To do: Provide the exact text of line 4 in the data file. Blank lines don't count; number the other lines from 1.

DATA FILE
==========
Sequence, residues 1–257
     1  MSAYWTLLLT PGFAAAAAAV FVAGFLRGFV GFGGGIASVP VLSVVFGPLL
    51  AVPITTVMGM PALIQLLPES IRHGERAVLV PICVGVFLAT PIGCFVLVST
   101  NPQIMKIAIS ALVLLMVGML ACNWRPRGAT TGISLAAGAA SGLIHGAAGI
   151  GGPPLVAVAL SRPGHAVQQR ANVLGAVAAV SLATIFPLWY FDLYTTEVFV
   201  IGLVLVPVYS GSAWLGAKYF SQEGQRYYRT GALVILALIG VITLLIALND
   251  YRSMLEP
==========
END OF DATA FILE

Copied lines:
   101  NPQIMKIAIS ALVLLMVGML ACNWRPRGAT TGISLAAGAA SGLIHGAAGI